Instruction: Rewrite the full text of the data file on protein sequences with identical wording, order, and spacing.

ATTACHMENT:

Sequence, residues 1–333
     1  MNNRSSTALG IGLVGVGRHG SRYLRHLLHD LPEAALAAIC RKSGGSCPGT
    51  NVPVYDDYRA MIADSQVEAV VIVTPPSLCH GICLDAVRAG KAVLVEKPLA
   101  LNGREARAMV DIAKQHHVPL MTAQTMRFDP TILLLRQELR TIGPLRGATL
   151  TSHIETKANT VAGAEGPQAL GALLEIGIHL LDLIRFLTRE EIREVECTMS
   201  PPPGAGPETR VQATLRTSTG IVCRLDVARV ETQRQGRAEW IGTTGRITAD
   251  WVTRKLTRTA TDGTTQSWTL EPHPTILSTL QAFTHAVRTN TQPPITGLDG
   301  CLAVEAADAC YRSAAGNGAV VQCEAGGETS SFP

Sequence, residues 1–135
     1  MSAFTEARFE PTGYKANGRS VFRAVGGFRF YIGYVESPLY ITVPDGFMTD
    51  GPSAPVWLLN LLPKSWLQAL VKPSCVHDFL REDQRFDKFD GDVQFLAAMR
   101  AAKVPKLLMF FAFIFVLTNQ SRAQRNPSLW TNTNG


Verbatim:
Sequence, residues 1–333
     1  MNNRSSTALG IGLVGVGRHG SRYLRHLLHD LPEAALAAIC RKSGGSCPGT
    51  NVPVYDDYRA MIADSQVEAV VIVTPPSLCH GICLDAVRAG KAVLVEKPLA
   101  LNGREARAMV DIAKQHHVPL MTAQTMRFDP TILLLRQELR TIGPLRGATL
   151  TSHIETKANT VAGAEGPQAL GALLEIGIHL LDLIRFLTRE EIREVECTMS
   201  PPPGAGPETR VQATLRTSTG IVCRLDVARV ETQRQGRAEW IGTTGRITAD
   251  WVTRKLTRTA TDGTTQSWTL EPHPTILSTL QAFTHAVRTN TQPPITGLDG
   301  CLAVEAADAC YRSAAGNGAV VQCEAGGETS SFP

Sequence, residues 1–135
     1  MSAFTEARFE PTGYKANGRS VFRAVGGFRF YIGYVESPLY ITVPDGFMTD
    51  GPSAPVWLLN LLPKSWLQAL VKPSCVHDFL REDQRFDKFD GDVQFLAAMR
   101  AAKVPKLLMF FAFIFVLTNQ SRAQRNPSLW TNTNG